This brings me to my first challenge. How do I do this?
If you look at a lot of historical writing, you will see that a certain level of knowledge is in fact assumed. An act of parliament might be mentioned in passing. The writer assumes that the reader will know what an act of parliament is. This may well not be the case. Even if it is the case, the reader is likely to interpret it in a current context that may well be far removed from the actual reality of that past time.
The problem that now arises is that a history that assumes zero knowledge and therefore explains everything would become a dull and burdensome thing. This means that decisions have to be made as to what to explain and how. The key issue here is one of relevance. Does the reader need to understand, or can something simply be stated and let stand?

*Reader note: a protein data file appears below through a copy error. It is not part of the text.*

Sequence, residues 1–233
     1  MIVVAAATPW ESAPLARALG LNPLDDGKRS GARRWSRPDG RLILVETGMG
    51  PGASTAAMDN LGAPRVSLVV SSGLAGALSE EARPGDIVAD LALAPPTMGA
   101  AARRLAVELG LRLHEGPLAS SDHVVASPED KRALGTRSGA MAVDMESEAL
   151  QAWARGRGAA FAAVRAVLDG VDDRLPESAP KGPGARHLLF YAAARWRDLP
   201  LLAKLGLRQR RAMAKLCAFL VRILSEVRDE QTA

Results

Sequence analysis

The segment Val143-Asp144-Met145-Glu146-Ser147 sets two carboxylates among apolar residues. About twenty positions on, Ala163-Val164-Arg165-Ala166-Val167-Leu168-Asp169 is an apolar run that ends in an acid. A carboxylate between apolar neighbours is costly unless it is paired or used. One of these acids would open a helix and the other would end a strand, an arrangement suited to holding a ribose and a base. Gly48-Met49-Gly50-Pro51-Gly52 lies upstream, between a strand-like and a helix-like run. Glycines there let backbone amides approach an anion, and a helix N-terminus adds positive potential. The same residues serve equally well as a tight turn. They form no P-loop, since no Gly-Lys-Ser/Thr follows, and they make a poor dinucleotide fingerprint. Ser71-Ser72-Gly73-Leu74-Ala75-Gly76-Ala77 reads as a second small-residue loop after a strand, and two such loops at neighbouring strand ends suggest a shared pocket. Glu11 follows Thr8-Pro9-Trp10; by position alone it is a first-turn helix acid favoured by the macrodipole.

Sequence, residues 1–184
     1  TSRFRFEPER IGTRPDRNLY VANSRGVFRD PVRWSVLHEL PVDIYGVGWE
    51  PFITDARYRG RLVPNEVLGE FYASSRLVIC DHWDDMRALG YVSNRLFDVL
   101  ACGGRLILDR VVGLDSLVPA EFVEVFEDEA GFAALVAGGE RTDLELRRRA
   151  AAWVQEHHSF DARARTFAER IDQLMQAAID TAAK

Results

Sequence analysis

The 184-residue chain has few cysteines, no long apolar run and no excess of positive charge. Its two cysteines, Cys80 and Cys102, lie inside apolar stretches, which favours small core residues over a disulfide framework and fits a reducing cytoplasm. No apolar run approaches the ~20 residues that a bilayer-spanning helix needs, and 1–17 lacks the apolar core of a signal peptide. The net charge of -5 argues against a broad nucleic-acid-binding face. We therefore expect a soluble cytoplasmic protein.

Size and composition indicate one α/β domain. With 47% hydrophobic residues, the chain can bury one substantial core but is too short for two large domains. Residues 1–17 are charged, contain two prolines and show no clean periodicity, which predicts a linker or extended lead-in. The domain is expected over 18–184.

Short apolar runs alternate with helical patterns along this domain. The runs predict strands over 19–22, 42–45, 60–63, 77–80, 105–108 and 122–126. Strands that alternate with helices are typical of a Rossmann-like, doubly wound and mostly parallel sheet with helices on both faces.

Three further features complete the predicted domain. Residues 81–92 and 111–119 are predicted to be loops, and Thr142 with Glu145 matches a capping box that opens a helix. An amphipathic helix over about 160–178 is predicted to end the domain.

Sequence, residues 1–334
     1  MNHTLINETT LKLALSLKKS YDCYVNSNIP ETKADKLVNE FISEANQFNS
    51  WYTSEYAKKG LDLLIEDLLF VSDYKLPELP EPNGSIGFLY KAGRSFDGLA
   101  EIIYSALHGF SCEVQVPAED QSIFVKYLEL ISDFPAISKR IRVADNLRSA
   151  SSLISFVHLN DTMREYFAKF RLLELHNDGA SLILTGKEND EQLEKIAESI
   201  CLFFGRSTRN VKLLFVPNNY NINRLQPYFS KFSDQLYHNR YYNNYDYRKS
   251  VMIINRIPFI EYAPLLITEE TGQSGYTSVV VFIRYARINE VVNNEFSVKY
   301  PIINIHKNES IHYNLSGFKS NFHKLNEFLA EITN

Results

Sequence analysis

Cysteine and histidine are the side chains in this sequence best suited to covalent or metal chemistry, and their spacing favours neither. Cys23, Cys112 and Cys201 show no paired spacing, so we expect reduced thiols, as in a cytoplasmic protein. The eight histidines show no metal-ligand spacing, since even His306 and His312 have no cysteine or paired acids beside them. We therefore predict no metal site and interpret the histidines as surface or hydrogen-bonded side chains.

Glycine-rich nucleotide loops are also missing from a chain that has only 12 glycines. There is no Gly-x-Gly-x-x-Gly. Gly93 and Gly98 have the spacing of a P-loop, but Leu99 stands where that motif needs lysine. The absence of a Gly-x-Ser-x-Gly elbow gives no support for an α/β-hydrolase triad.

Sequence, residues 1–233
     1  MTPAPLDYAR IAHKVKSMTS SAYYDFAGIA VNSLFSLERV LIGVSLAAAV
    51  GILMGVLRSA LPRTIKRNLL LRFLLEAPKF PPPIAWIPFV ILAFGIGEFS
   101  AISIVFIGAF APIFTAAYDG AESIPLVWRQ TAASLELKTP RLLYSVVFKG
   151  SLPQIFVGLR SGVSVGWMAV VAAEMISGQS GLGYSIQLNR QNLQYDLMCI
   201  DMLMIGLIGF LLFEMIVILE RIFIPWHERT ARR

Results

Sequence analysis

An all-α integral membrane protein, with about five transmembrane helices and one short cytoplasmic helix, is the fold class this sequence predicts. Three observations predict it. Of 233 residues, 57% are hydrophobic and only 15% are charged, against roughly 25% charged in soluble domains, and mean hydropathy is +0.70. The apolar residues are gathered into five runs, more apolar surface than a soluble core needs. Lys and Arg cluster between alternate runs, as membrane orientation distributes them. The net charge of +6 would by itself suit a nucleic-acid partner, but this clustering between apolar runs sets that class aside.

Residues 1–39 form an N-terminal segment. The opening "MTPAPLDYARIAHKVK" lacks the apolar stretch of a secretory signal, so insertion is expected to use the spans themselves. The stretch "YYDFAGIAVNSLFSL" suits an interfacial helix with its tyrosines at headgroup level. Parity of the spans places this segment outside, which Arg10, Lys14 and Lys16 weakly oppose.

Take the act of parliament question again.
In my own case, individual acts of parliament are quite important. The Master and Servants Act of 1828 governed, as the name says, the working relations between master and those employed. If you look at local level and the cases that came before bench magistrates, this is an important act. But which parliament enacted it? You won't find it easily on the web, And what, by the way, is a bench magistrate you might ask?
I use two main techniques to resolve this type of problem.
The first is context. Assuming that I am successful in my basic writing, the reader will be going along with the flow, reading the history as a story. This means that as I introduce new material, the reader should be able to set it in a context already created by my writing. The work becomes its own context.
The second is what I call link sentences. These are carefully written sentences that encapsulate an important idea in the simplest possible form.